How can you protect yourself from respiratory infections before they become
serious? Especially as we continue to face the
COVID-19 pandemic and enter the winter cold and flu season, it’s important to do everything
you can to keep your lungs healthy. With healthy lungs, you reduce your
risk of having severe complications from respiratory illnesses, including
the common cold.
While your body has a natural defense system to keep dirt and germs at
bay, there are several ways to help protect your lungs:
Ditch the cigarettes. Smoking is a major cause of
lung cancer and chronic obstructive pulmonary disease (COPD). It can also make it
more difficult to breathe, cause chronic inflammation of the lungs, and
destroy lung tissue. If you’re a smoker, it’s never too late
to quit. Need help? Check out our
Smoking Cessation program.
Minimize exposure to indoor pollution. Indoor pollutants like secondhand smoke, household chemicals, and radon
can all cause and worsen lung disease. Make your car and home smoke-free,
test your home for
radon, and talk to your doctor if you’re worried that something in your
home, school, or work is making you sick.
Minimize exposure to outdoor pollution. The outdoor
air quality can vary day by day, but sometimes it can be unhealthy to breathe. Climate
change and natural disasters like wildfires can significantly affect air
quality. Poor air quality is most common during the warmer months when
there is more sunlight, and also during rush hour in cities.
Get moving. No matter your age or ability,
exercise is a great way to keep your lungs healthy. Aim for at least a 30-minute
workout most days of the week.
Get regular check-ups. Even when you feel fine, it’s important to get regular
wellness check-ups. These appointments are an opportunity to catch lung disease early, which
may not exhibit noticeable symptoms until it’s serious.
Additionally, one of the essential aspects of having healthy lungs is to
prevent yourself from getting an infection that leads to respiratory illness.
Here are several ways you can protect yourself:
Get vaccinated. Make sure you get your flu shot every fall. Also, talk to your doctor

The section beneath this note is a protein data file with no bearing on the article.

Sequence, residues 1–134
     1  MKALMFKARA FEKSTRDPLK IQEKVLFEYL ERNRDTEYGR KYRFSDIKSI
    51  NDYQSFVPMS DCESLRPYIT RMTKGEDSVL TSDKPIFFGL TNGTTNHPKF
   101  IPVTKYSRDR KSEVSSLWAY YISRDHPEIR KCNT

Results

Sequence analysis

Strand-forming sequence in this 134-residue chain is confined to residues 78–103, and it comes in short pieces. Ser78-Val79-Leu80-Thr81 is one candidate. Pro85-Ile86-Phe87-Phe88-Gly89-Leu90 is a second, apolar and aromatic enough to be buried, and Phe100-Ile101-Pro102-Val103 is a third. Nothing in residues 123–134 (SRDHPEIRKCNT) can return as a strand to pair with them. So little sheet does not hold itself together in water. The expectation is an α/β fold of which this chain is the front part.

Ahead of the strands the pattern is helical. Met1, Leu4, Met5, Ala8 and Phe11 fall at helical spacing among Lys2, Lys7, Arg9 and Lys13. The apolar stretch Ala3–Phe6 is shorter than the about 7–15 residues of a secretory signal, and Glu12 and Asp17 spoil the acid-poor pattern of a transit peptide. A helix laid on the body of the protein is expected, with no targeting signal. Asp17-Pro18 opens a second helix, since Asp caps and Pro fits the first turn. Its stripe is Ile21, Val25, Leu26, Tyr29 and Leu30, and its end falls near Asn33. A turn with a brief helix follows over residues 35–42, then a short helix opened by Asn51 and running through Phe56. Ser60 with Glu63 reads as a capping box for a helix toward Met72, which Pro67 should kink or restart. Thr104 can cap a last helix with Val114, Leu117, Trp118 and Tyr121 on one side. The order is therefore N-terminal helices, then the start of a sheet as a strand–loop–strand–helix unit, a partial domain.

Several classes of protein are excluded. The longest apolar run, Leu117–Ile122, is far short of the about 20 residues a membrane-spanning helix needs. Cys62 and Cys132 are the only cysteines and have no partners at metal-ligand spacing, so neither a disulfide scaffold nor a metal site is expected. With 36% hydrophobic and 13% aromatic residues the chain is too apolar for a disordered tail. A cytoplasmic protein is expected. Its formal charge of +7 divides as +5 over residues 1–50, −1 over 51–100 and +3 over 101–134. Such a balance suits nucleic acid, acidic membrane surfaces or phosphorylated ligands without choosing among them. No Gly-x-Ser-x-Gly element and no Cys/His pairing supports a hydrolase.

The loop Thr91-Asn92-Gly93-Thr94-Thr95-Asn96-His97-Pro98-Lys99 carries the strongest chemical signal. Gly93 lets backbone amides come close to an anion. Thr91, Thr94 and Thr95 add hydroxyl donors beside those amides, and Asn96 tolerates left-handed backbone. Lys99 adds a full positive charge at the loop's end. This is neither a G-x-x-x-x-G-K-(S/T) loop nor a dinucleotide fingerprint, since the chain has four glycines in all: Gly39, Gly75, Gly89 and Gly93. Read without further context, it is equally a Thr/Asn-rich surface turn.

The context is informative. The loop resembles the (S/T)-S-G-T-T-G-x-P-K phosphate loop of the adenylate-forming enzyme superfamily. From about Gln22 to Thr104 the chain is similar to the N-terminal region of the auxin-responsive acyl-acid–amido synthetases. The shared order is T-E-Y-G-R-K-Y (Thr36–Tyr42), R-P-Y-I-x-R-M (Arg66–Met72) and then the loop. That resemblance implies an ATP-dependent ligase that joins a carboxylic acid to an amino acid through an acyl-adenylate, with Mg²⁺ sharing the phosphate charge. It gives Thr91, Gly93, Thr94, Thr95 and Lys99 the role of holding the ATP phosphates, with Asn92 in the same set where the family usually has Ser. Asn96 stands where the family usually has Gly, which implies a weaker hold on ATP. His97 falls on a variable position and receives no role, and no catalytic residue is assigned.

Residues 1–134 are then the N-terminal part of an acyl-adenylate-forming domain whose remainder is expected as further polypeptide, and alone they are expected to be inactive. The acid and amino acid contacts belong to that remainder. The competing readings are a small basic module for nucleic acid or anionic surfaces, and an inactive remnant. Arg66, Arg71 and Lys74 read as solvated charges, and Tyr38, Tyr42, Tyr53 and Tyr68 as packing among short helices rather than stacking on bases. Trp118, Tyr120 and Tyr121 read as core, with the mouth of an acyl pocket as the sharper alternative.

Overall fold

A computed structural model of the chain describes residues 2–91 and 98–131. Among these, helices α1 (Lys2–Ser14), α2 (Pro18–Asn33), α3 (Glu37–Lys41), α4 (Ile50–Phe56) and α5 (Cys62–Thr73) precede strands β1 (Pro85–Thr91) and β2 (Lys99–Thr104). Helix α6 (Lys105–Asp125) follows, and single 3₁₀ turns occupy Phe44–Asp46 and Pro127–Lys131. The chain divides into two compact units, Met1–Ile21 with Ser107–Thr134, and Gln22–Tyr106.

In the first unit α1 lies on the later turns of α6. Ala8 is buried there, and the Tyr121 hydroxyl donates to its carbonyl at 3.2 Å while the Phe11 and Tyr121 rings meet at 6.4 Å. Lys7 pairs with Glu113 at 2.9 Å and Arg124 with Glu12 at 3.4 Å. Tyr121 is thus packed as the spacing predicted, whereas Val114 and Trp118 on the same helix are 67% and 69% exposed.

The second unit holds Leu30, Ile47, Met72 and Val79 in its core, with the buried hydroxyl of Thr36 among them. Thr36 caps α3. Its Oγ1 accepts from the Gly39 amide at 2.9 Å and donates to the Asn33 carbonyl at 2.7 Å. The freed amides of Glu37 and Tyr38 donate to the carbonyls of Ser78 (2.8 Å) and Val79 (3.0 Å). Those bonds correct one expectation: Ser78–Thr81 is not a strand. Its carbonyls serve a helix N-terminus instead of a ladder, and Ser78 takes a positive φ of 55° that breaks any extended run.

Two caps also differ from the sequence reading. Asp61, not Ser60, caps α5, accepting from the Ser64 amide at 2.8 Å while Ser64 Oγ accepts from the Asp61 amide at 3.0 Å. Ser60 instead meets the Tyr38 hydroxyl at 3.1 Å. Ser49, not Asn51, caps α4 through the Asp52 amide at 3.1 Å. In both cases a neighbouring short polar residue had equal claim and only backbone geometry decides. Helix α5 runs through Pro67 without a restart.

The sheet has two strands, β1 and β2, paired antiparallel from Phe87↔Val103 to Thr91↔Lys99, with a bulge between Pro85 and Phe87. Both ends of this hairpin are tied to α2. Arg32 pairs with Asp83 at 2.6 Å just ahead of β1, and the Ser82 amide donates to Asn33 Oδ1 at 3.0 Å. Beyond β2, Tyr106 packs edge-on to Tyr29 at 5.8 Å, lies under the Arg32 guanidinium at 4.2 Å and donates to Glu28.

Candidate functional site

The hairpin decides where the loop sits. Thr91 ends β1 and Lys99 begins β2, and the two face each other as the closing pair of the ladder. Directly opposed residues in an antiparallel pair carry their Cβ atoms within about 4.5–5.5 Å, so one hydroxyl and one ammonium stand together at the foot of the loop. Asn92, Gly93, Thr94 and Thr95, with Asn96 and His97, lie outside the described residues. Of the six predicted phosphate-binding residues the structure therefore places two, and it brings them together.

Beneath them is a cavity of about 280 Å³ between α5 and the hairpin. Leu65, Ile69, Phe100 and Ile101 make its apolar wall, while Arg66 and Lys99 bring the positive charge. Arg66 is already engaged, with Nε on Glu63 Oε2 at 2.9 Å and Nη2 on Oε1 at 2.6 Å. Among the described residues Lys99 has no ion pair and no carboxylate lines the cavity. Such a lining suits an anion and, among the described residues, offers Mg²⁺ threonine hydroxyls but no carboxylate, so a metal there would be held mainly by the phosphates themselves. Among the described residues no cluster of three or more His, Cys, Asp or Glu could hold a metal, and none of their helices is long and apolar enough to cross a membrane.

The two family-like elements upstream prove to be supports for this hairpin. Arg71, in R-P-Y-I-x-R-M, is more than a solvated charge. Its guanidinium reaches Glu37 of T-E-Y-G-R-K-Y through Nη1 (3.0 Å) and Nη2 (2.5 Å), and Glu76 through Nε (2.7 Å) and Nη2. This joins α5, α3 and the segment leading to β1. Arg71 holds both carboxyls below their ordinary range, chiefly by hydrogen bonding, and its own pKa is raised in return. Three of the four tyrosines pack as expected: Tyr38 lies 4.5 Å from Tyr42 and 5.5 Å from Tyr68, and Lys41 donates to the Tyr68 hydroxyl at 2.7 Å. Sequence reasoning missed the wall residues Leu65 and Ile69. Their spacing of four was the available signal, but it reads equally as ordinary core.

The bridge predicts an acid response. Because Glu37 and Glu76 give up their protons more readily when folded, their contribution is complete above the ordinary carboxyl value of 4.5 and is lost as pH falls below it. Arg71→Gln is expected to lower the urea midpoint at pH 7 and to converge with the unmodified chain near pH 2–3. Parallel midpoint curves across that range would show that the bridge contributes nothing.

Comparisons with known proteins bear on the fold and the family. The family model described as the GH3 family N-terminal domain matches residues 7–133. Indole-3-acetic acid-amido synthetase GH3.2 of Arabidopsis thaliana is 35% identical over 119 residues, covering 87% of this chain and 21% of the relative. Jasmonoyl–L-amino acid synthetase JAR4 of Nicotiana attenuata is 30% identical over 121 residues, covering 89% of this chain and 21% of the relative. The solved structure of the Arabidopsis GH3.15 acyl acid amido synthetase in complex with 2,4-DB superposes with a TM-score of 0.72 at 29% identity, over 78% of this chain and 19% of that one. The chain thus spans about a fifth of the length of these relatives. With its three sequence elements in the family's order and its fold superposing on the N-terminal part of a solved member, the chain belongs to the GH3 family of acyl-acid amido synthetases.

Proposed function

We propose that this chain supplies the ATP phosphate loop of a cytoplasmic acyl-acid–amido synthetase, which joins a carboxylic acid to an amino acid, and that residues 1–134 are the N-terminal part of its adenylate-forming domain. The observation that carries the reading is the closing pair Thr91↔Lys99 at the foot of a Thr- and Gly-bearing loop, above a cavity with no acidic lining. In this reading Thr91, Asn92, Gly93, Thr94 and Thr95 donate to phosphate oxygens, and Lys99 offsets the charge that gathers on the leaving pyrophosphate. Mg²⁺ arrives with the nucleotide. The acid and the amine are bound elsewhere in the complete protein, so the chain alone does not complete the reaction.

to find out if you should receive the pneumonia vaccine.
Wash your hands frequently. You’ve heard it plenty during COVID-19, but we can’t stress
keep your hands clean. A good rule of thumb is to wash with soap and water for at least 20 seconds.
If you don’t have access to a sink, hand sanitizer with at least
60% alcohol is the next best option.
Practice social distancing. It’s wise to avoid crowds during normal cold and flu season, but
with the COVID-19 pandemic, it’s essential to stay at least 6 feet
away from people not from your household.
Practice good oral hygiene. Taking good care of your mouth can protect you from germs that lead to
infections. Brush your teeth at least twice a day, don’t forget
to floss, and see your dentist at least twice a year.
Types of Respiratory Illnesses
Respiratory illnesses can range from a mild case of the common cold that
lasts about a week, to severe, chronic conditions like cystic fibrosis
that are life-threatening.
The common cold can be caused by many different types of viruses—most commonly,
the rhinovirus. This condition is usually harmless, and symptoms typically
resolve within two weeks without a doctor’s care. However, those
with underlying respiratory conditions may develop a severe illness like
bronchitis or pneumonia.
Pneumonia, an infectious lung condition caused by bacteria or viruses, involves
inflammation of the lung’s air sacs. When these air sacs become
inflamed and infected, they fill with fluid, making breathing more difficult
and reducing the flow of oxygen throughout the body. Those with COPD have
a higher risk of developing pneumonia. Cases can range from mild to life-threatening.
Bronchitis is an inflammation of the airways that carry air to your lungs, called
the bronchial tubes. The condition can be acute or chronic. Acute bronchitis
is usually caused by a viral respiratory infection and resolves by itself,
while chronic bronchitis is long-term.
Chronic obstructive pulmonary disease, or COPD, makes the airways and air sacs less elastic, inflames airway
walls, and clogs lungs with mucus. COPD encompasses emphysema, where the
lung’s air sacs are damaged, and chronic bronchitis, which involves
inflammation of air sacs and excess mucus in the lungs. Those with COPD
and other disabling lung conditions can benefit from our
Pulmonary Rehabilitation Program.
Streptococcal toxic shock syndrome is an extremely rare condition that occurs if strep bacteria is released
into multiple organs. The lungs can be affected. Symptoms include a sudden
fever, vomiting, and muscle aches. If you have any strep throat symptoms—which
include a sore throat, inflamed lymph nodes, and swollen tonsils—it’s
important to see your doctor for treatment.
Cystic fibrosis is an inherited condition that causes mucus in the organs, including the
lungs, to become thick and sticky. Those with this condition can experience
severe complications including infections, inflammation, and respiratory failure.
Symptoms of Respiratory Illness
If you have any of the following symptoms, make an appointment with your
doctor to discuss your lung health.
- Persistent cough
- Tightness in your chest
- Wet cough with mucus
- Shortness of breath with activity
Your lung health is vital to your overall well-being. If you think you
have a respiratory condition, don’t delay treatment.
Schedule an appointment with your doctor today to get care.